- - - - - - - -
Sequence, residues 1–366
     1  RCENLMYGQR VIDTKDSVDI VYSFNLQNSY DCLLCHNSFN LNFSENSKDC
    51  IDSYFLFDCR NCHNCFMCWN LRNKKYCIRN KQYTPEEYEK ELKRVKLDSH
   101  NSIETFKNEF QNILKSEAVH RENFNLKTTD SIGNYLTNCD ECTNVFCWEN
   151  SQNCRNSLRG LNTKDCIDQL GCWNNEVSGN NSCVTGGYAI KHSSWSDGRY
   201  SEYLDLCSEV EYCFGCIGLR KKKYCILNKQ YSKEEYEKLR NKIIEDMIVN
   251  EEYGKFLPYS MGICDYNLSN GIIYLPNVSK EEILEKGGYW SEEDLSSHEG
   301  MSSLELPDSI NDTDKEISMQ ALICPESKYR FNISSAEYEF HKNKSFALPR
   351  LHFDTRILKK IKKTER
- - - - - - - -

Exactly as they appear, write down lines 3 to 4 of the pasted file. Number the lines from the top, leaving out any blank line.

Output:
    51  IDSYFLFDCR NCHNCFMCWN LRNKKYCIRN KQYTPEEYEK ELKRVKLDSH
   101  NSIETFKNEF QNILKSEAVH RENFNLKTTD SIGNYLTNCD ECTNVFCWEN